Project-based Learning, Proficiency-based Assessment

Project-based Learning (PBL)

The basis of all instruction at Howard Street is project-based learning (PBL). This means that students must use knowledge and skills to accomplish a task or project, not just memorize facts for a test. PBL allows for students to personalize their learning by showing what they know. This requires application of knowledge and skills from many subject areas to create a product that is unique to the learner. We start with basic projects in sixth grade with certain perimeters to help students learn the basics of this process which includes many self-management skills that require practice before the more advanced work of eighth grade. PBL allows students to be creative and innovative while still learning.

Integration - Making Connections

At Howard Street, we want students to understand that the world is not separated into separate subjects or disciplines. Often this takes the form of alignment where grade level classes study similar subject matter in each separate class. Thus, sixth graders study Egyptian art style in 6th grade Art while studying about Ancient Egyptian culture in 6th grade Humanities and mummifying applies in 6th STEM.

In addition to alignment, students also experience a number of integrated projects. These are projects that are scored in multiple disciplines. 7th grade science infectious disease papers are scored in both Science Content and Humanities writing organization and conventions, as an example.

Lastly, sometimes we take time out of the traditional schedule to have integrated days. This has students working usually in pairs or groups to complete a larger task/project that uses many disciplines. Our EMBER ambassador project is an end-of-the-year integrated project pairing a sixth and seventh grader together.

Proficiency and EMBER : show what you know

At Howard Street we do not use letter grades to assess student work. Instead we assess proficiency against a standard - how well can a student perform independently. These assessments might be a project, a traditional test, a lab, a presentation or an in-class paper. The goal of proficiency is to give a student multiple chances to show what they know and the skills they have learned. Homework and classwork are practice to learn content or skills before the proficiency performance. Just like a sport or music, students need time to practice and learn without being pressed by grades or tests every step of the way. Then they will be ready to perform.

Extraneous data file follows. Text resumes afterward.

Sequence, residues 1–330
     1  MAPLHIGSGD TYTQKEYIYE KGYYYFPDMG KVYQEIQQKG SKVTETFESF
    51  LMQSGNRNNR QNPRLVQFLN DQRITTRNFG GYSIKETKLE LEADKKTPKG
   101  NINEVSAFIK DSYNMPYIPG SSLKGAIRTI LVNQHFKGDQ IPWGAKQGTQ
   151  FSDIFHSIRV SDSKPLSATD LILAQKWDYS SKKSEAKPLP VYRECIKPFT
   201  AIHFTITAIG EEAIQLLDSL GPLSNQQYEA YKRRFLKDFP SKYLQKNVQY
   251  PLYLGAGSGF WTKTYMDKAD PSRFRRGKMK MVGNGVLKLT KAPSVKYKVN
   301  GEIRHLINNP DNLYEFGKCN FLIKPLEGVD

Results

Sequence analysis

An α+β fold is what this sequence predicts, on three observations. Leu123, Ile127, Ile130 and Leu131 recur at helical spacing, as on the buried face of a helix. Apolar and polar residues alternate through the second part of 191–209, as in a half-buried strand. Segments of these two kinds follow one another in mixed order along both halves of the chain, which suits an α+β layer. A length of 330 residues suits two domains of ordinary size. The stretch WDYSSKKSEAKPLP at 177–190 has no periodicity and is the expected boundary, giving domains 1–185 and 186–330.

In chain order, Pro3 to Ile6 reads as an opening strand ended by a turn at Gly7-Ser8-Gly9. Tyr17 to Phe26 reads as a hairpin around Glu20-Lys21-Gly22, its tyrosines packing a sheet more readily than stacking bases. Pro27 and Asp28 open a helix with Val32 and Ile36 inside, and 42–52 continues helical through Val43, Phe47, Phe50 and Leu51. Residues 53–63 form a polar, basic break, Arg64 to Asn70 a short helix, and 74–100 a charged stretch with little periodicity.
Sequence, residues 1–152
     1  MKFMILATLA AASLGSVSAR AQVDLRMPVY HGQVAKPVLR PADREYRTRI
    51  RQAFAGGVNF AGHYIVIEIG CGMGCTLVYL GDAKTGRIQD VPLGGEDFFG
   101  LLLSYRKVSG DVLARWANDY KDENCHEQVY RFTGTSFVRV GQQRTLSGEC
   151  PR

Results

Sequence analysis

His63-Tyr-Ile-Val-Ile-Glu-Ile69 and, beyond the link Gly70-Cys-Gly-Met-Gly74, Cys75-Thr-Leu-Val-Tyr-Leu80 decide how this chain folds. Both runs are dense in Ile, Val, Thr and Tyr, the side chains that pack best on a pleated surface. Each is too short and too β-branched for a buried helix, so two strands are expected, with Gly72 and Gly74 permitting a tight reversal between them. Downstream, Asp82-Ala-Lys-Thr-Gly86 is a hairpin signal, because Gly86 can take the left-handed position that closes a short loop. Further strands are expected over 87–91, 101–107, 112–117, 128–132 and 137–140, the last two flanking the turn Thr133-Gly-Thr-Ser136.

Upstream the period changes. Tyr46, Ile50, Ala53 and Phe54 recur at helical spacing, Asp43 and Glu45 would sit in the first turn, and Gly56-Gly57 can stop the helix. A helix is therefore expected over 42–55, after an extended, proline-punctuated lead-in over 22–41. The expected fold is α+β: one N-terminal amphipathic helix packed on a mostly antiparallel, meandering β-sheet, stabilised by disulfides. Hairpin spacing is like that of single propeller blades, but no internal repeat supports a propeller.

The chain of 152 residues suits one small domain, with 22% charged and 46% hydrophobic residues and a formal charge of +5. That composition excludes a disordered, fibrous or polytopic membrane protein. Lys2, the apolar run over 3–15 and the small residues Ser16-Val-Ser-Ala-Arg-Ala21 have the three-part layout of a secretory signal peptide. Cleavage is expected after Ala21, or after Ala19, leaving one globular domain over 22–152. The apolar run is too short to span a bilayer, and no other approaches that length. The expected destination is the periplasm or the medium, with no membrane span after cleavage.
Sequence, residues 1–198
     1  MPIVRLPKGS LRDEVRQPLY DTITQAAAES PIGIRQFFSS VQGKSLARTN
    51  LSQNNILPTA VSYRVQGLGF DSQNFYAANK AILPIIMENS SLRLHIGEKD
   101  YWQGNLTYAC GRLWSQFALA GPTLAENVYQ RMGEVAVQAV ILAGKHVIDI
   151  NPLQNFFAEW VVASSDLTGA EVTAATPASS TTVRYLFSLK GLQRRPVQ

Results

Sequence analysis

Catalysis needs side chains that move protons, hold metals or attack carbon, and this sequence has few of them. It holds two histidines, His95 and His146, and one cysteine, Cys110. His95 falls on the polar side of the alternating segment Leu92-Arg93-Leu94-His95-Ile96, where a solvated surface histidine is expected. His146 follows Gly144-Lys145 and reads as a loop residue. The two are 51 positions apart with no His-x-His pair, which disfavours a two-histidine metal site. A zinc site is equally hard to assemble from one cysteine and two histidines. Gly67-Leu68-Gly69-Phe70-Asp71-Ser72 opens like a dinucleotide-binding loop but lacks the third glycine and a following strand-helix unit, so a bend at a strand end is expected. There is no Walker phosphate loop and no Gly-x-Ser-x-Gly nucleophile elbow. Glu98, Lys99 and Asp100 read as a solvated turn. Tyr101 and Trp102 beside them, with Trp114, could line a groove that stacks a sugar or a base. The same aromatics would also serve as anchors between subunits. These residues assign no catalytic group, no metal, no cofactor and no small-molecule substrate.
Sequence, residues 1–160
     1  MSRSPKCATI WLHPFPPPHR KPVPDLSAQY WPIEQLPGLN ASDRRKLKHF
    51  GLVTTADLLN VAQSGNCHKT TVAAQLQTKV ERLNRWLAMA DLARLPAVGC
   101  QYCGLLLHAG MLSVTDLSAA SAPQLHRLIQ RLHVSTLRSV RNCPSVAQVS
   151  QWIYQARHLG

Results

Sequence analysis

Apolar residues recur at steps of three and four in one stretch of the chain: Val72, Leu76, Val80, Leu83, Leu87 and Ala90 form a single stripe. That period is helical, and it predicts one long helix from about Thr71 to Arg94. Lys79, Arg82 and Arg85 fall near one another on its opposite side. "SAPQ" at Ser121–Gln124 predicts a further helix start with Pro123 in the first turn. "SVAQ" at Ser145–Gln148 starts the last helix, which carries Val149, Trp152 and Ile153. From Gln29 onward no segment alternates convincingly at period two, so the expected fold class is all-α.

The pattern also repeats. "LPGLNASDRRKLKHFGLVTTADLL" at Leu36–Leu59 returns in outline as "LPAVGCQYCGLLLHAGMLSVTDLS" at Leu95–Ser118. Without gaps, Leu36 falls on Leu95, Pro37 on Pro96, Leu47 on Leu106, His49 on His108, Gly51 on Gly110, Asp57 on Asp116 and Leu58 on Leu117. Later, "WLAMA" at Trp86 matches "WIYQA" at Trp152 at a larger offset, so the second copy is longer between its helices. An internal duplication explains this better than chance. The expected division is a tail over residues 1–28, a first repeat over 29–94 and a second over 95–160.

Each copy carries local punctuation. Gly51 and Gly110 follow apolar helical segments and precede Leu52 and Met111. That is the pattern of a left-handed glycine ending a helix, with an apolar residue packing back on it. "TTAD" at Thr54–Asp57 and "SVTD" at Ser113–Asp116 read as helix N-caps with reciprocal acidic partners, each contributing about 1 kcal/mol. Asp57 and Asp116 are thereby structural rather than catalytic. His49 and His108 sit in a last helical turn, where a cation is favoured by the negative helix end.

However, that doesn't mean that habits like turning in work or working in groups isn't important. They are important and we also measure these habits in a form we call EMBER (Excellence, Mindfulness, Be Creative, Empathy, and Responsible Risks). We regularly assess students on EMBER all along the learning process, and use it as our progress report and in our self-reflections.

Giving and Getting Feedback - Peer Critique

In order to improve we all need feedback, and Howard Street uses a specific format: warm, cool, questions. We practice and teach this protocol to students so that all projects and presentations can receive critique on how to get better. This feedback comes from both teachers and students and helps students with editing and improvement. This feedback is crucial to help students reach proficiency.

EMBER ambassadors - William Shakespeare and Steve Jobs

EMBER ambassadors - William Shakespeare and Steve Jobs

Displaying our work is important in Project-based Learning (Bush Barn Art 2016)

Displaying our work is important in Project-based Learning (Bush Barn Art 2016)